To provide our cohort participants at the Learning 2.010 conference in Shanghai this week with robust resources related to our topic, Carol Jordan and I spent most of the day creating a new site on Wikispaces titled, “Talk with Media: Visual Literacy and Digital Storytelling.”
One of the wiki elements we spent the most time discussing and creating was “Categories of Student Digital Storytelling Projects.” We found good examples of student-created digital storytelling projects and categorized them. We came up with the following nine categories:
- Audio Podcasts
- Narrated SlideShow
- Visual Essay
- Concept Teaching
- Thinking Out Loud
- Activity or Event Report
- Public Service Announcement
The last category, “Transformative,” we define in the following way:
Our transformative video category includes videos which transcend the other categories we’ve included. They may include a call to action and seek to change the way we think as well as act. They do not simply convey information or tell a story. They may change the way the audience thinks or acts about a particular issue. The issues addressed are often contemporary, significant, real-life issues which matter.
Are you aware of a framework someone else or another organization has created which is similar to this? Websites like the University of Houston’s “Educational Uses of Digital Storytelling” have example projects organized by content area, but I haven’t seen this kind of framework for categorizing student video projects. We’d love your thoughts and ideas on this, we’re sure we haven’t been as comprehensive as we could be.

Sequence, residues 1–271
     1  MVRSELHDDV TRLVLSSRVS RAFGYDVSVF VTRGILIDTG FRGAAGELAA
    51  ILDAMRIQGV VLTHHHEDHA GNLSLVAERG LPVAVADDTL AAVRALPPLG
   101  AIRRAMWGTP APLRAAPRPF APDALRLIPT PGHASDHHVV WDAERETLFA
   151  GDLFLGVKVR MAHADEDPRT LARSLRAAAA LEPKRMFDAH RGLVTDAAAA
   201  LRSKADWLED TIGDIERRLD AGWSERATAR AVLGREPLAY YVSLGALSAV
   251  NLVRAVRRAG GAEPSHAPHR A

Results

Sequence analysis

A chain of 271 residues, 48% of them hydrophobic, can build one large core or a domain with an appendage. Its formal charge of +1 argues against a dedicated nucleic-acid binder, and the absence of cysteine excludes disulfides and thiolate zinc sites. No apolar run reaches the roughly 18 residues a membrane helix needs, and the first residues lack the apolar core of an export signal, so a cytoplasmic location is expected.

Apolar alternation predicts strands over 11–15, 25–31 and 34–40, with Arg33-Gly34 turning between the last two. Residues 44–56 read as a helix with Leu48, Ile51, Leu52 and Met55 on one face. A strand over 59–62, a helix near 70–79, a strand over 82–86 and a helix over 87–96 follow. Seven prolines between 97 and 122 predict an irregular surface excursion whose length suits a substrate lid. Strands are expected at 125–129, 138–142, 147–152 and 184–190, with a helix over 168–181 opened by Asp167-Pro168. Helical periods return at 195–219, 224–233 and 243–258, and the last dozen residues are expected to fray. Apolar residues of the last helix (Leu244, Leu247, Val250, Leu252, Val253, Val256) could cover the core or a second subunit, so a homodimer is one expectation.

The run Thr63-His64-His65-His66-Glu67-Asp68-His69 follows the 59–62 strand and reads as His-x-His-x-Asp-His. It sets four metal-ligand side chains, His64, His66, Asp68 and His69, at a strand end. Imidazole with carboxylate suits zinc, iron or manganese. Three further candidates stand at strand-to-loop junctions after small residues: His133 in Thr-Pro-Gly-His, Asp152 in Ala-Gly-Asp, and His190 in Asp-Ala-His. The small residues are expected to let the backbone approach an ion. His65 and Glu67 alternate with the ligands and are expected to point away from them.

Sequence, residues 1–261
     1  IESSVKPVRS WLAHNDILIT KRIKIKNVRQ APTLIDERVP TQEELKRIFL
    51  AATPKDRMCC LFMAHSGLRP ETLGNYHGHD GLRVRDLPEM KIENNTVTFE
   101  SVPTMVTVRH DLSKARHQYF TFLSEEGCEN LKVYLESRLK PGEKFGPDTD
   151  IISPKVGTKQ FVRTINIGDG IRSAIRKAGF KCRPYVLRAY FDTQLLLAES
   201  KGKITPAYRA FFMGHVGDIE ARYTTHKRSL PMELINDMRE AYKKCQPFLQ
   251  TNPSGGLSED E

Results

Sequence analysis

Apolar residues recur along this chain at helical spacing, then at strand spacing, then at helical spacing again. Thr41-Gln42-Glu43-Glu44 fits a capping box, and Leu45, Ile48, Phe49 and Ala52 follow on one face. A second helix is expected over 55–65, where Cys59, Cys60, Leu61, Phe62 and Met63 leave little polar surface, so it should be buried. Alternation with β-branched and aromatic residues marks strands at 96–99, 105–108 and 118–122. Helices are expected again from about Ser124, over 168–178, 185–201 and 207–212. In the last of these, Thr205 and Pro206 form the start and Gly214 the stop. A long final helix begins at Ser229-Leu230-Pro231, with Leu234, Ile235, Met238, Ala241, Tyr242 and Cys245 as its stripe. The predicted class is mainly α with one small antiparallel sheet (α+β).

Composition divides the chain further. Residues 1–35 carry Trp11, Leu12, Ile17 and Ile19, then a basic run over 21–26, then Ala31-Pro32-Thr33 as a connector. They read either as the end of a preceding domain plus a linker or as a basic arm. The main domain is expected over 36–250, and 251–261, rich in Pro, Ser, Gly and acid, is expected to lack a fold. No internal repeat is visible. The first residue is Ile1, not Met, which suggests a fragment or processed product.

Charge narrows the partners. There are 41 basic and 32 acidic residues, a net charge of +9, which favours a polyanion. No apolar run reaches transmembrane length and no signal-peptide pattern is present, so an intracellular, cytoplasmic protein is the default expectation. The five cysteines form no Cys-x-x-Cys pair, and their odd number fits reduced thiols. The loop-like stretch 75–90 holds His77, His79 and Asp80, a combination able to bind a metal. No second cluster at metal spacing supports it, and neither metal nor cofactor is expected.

In addition to sharing suggestions for these categories, I’d love to add more links to our “Galleries of Student Created Videos” page.
Hopefully this wiki and proposed framework for categorizing student video projects will not only help our Learning 2.010 cohort participants but others as well integrate the use of visual media and digital storytelling in classroom lessons.
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- Podcast191: Creating globally connected, rigorous and highly motivated assignments by Alan November - 2007
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